I was in the middle of creating a post about the Syrian refugee issue when the sudden thought of, “Screw this,” popped into my head. Sure, I have plenty to say. But what good is it? I’ve decided that people’s minds are pretty much set on the issues of the day. As my buddy Larry has said to me, “I’ve realized that once I offer an opposing viewpoint to someone, the odds of them saying, ‘You know, I was totally wrong on that issue and you’ve made me see the light!,’ are pretty much nil, so why waste my time? I don’t need the frustration!”
Ain’t that the truth? One of my goals for this journey was to reduce the amount of stress I have to deal with. I’ve always been “politically involved” – I’ve worked on political campaigns, marched and protested, supported causes, blah, blah, blah. And you know who it’s had the most impact on? Me. And my stress level. So I decided to let it go … at least for this post. Well mostly.
No. Instead, I’d like to share a story about something that happened this past week where I’m staying … sort of a different “refugee” story. One that I got to witness first-hand.
When I made plans last January to winter in south Texas, I didn’t stop to think that there would be a lot of other “winter Texans,” as they refer to the folks that come down here with their RV’s. But it’s a pretty common thing, I guess. The area caters to them and I’ve discovered there are quite a few RV parks in the area. Not too many of them allow for tents, which is one of the reasons why I’m at this particular one.
I’m the only tenter here… Liz, the owner, told me there aren’t many of us. Usually one or two a season, but that’s it. Not too many RVers yet, either. For the most part, I’ve been here by myself. Most of the them don’t start arriving until after Thanksgiving. Right now, there are about 5 RVers here, mostly from the Great North – Michigan, Wisconsin, and Minnesota. One from Illinois and another from Nebraska. I’ve met some of them, but have discovered that most everyone sort of keeps to themselves.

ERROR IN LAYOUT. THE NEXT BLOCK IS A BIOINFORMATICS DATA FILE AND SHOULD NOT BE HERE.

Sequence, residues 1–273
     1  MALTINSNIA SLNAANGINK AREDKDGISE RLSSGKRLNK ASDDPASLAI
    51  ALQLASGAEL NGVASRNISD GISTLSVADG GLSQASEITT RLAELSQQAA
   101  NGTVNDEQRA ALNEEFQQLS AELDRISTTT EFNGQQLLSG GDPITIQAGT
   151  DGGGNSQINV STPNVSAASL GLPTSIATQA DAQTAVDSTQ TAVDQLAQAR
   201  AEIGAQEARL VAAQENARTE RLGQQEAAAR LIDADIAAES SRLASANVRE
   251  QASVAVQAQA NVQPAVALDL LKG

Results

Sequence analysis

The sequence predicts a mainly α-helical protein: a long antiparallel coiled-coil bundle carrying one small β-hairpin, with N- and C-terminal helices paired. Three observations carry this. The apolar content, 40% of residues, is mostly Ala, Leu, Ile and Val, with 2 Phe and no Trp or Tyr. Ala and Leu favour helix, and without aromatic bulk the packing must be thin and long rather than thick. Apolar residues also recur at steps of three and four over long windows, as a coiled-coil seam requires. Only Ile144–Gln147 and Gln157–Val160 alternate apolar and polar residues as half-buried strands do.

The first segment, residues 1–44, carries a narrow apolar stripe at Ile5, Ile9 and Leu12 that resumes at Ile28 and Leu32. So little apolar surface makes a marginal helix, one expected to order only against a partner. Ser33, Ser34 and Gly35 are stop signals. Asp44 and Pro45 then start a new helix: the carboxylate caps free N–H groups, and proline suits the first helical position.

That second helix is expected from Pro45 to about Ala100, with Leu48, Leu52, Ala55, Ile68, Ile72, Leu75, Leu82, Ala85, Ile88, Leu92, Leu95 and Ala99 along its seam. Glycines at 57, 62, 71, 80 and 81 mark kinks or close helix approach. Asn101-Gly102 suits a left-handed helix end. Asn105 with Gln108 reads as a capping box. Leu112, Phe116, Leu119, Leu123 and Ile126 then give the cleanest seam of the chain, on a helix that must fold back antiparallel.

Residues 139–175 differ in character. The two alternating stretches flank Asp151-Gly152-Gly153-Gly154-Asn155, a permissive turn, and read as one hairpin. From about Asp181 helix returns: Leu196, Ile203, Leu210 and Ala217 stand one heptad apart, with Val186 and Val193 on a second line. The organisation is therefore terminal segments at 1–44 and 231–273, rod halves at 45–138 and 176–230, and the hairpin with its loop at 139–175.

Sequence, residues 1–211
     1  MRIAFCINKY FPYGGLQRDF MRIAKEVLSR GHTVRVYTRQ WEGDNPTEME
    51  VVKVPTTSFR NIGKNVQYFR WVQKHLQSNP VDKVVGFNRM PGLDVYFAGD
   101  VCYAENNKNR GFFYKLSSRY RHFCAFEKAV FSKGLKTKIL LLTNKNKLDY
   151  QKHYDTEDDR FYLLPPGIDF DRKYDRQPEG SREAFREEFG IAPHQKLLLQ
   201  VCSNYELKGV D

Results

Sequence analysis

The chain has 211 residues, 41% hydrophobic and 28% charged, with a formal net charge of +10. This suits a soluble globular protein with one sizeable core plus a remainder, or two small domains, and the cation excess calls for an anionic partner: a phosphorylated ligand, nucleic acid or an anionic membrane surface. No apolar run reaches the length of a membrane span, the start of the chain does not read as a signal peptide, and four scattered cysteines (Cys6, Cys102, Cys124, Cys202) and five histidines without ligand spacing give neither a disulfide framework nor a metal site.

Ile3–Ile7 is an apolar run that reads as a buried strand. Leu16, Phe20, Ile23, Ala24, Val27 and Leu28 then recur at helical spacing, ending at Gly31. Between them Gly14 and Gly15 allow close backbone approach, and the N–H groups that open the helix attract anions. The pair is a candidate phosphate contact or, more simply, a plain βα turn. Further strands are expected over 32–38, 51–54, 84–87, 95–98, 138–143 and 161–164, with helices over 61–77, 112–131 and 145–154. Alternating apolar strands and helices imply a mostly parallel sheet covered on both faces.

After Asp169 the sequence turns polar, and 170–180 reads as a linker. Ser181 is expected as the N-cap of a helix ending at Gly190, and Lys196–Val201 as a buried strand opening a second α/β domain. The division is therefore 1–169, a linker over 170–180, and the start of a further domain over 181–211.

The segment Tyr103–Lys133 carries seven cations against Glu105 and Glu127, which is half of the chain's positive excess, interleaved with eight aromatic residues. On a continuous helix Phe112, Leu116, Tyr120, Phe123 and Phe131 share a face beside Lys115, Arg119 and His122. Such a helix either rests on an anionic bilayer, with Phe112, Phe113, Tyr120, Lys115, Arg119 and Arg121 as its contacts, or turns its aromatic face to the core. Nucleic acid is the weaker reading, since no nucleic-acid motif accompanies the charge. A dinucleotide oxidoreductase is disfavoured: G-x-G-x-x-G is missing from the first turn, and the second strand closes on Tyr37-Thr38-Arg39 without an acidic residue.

The host couple are from Michigan’s Upper Peninsula – Len and Susie. Their mannerisms and speech are straight out of “Fargo”. You could imagine Len being the guy shoveling snow when the cop stops to follow up on his call about the “little odd looking fellow out by the lake”. They’re great people: very kind and very attentive. Len stops by at least once a day to sit and chat a bit. Susie also stops by daily to say “Hello” to Frank. They love him! And Frank’s taken to them, too. There have been a couple of occasions where I’ve come out of the main building (where the restrooms are) to find Len kneeling next to Frank, exclaiming, “You see? I told you he was coming back!”
Joe the gardener stops by, too. The three of us will swap stories, talk about dogs we’ve had, tell jokes, etc. etc. It’s been very relaxing for the most part (I won’t talk about the obnoxious guy with the huge RV and equally huge TV antenna that’s now eight feet from the back of my tent … I’m trying to maintain inner peace here …)
But I digress. On to the story.
This is an adult, “Over 55” park and campground. Evidently that’s the way it is with all them around here. Early last week, I noticed a young guy had stopped by and engaged in a long conversation with Len. Didn’t think much of it at the time … until last Thursday, when I noticed Len helping the guy back his trailer into the last spot in the row, across the way from the field my tent’s in. It was only after they finished the parking job that I noticed his pregnant wife get out of the truck. She looked like she was ready to give birth right on the cement patio next to the trailer! Following her were two little girls and two dogs, a chihuahua and a big, chocolate brown lab.